Shoe fitting,best way to fit shoes,what do i need to know about shoe fitting,information for patients about proper shoe fitting,running shoe fitting,running shoe fit,casual shoes,how should shoes fit,running shoe fitting guide,shoes and orthotics,how do I fit my orthotics in my shoes Learn about proper shoe fitting - part of the Myfootshop.com Foot and Ankle Knowledge Base
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Summary

Proper shoe fitting requires an understanding of the biomechanics of the foot and and each of the design characteristics of shoes. The design characteristics of shoes include the materials of which the shoe is made, the last of the shoe, width, heel to ball measurement and heel to toe measurements. Proper fitting creates a marriage between the individual characteristics of the foot and each of the design characteristic of the shoe. Specialists who fit shoes are called pedorthists. A pedorthist can help match the right shoe with the right activity. And as the saying goes, if the shoe fits, wear it.

Description

The science of shoe fitting, called pedorthics, is centuries old. The first documented history of shoe fitting dates back to 1324AD when King Edward II of England decreed that three barley corns would constitute and inch. He also stated that one barley corn (1/3") would represent one full shoe size. This custom of sizing varied so that numerous arguments ensued and most cobblers went back to the tradition of custom fitting each and every shoe. The expense of custom shoes was out of reach for most commoners. For the vast majority of the population, shoes consisted of two layers of leather, one thick for the sole and another thin for the top of the shoe. The two layers were sewn together for a 'custom' fit.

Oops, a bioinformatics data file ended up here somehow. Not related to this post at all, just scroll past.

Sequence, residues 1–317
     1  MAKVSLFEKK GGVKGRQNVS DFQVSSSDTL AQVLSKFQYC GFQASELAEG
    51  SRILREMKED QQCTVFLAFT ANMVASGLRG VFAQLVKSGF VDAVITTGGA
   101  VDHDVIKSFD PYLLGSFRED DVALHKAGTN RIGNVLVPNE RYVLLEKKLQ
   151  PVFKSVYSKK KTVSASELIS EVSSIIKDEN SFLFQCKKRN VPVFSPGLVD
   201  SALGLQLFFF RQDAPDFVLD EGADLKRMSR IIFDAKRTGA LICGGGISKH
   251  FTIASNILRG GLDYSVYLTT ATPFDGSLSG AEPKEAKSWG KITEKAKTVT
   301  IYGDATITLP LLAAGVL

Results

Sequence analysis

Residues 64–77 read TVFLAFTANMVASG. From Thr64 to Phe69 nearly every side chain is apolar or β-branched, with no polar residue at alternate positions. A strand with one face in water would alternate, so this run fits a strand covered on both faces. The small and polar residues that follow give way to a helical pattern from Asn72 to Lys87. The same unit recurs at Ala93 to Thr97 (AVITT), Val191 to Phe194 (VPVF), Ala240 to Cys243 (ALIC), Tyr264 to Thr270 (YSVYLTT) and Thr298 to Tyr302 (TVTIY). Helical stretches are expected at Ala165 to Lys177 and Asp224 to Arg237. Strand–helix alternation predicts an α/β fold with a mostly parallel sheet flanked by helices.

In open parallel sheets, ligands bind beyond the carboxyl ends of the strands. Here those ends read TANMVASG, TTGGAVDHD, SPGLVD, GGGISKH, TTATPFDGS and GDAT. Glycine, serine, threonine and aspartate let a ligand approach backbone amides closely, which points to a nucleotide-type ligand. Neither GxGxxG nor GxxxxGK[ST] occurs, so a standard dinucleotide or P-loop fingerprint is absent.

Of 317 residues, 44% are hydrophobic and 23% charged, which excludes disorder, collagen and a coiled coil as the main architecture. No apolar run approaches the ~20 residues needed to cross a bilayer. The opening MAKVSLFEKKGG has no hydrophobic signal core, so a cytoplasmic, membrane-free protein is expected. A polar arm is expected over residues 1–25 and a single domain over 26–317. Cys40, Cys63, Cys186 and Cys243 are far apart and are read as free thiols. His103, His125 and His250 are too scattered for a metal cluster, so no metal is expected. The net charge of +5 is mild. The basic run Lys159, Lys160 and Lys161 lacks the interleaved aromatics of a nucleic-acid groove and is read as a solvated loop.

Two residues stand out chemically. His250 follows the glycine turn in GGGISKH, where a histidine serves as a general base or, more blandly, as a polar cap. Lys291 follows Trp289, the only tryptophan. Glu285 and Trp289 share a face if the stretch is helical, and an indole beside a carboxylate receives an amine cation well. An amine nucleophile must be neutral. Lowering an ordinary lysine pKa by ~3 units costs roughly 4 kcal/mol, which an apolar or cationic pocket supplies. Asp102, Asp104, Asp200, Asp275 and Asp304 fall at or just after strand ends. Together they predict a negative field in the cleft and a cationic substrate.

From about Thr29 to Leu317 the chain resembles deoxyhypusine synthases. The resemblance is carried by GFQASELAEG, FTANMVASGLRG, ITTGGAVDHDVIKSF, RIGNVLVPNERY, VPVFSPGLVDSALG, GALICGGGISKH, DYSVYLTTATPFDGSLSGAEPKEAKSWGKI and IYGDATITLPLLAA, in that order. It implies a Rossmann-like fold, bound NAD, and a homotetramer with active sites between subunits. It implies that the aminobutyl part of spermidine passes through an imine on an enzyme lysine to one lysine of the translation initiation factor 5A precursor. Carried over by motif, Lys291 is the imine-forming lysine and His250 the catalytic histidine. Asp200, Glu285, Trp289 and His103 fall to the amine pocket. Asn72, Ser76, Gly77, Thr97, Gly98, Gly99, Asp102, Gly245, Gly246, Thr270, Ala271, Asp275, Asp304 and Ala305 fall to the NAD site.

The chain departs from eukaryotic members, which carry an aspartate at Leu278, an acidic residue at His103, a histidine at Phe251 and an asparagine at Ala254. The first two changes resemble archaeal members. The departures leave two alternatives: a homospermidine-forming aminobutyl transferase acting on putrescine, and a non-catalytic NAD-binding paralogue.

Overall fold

How do you measure feet?  Feet have been measured for years by something called a Brannock Device. The Brannock Device is used to measure three basic Brannock_devicedimensions of the foot; (1) heel to the ball (HB) of the foot , (2) heel to the tip of the toes (HT) and (3) width. Each of the measurements obtained using a Brannock Device are used in combination to custom fit the shoe. The most important measurement is the heel to the ball of the foot. The HB measurement most closely resembles how the shoe is designed to function. Although the heel to toe (HT) measurement may ultimately decide the fit of the shoe, the HB measurement is what makes a shoe feel and function well. The HB measurement defines the position of the arch, the length of the shank and the location in the sole where the shoe will bend with each step. If the HB measurement is incorrect, the shoe and the foot will never function in harmony, instead they'll fight each other with each and every step.

Most feet will swell approximately one shoe size (5%) over the course of a day. It's wise to measure your feet after you've been on them for several hours. One measurement that The Brannock Device doesn't measure is volume within the shoe. As you feet swell, they begin to take up more and more volume within the shoe. Therefore, try to remember to shop for shoes later in the day.